Participants in the Helping Babies Breathe (HBB) program learn techniques for reversing the effects of birth asphyxia, as well as trauma and fatigue on babies and mothers during labor.
According to the Ghana Health Service, child infant mortality is at troubling levels and requires ‘all hands on deck’ to reverse the trend. Government statistics show that approximately 120 babies die in every 1,000 deliveries recorded in Ghana, due primarily to birth asphyxia, prolonged labor and obstructed labor.
In an effort to combat infant mortality, Newmont Ghana, in collaboration with Project C.U.R.E., has introduced the Helping Babies Breathe (HBB) program in the Brong Ahafo and Eastern regions, which provides training to health personnel on preventing infant deaths. The HBB program teaches techniques for reversing the effects of birth asphyxia, as well as trauma and fatigue on babies and mothers during labor.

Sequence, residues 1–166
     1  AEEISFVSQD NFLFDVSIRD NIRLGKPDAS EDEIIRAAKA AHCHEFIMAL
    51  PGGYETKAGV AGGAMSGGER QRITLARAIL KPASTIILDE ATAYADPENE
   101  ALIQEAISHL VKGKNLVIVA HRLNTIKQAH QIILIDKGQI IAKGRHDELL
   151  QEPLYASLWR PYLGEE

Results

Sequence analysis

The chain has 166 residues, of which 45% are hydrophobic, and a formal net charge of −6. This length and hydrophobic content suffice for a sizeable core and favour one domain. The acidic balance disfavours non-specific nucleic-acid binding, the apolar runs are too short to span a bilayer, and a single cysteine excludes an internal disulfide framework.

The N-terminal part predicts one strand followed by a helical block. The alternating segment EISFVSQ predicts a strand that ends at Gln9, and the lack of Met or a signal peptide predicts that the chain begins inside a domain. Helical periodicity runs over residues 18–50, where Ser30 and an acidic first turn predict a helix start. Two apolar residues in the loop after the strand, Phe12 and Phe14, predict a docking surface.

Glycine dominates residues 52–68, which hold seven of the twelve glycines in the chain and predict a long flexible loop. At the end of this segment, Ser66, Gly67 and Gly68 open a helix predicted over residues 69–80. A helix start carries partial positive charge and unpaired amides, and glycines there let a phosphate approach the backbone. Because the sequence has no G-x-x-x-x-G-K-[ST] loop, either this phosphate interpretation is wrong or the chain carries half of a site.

On January 26th, Newmont Ghana’s Ahafo Mine and Project C.U.R.E. launched a four-day training workshop in Sunyani with 24 health professionals, including nurses, midwives and community birth attendants from across the region. This followed an earlier training for 12 health personnel of the New Abirem Government hospital in Akyem.
Delivering the keynote address at the event launching the training, the Second Lady of Ghana, Mrs. Matilda Amissah Arthur, lauded the program and appealed to Newmont Ghana and Project C.U.R.E. to extend the training to other parts of the country.
Helping Babies Breathe, developed by the American Academy of Pediatrics (AAP), teaches simple techniques and interventions to health professionals that can help reduce more than 90 percent of these types of infant deaths. The program is aligned with the United Nations’ Millennium Development Goals to reduce child mortality.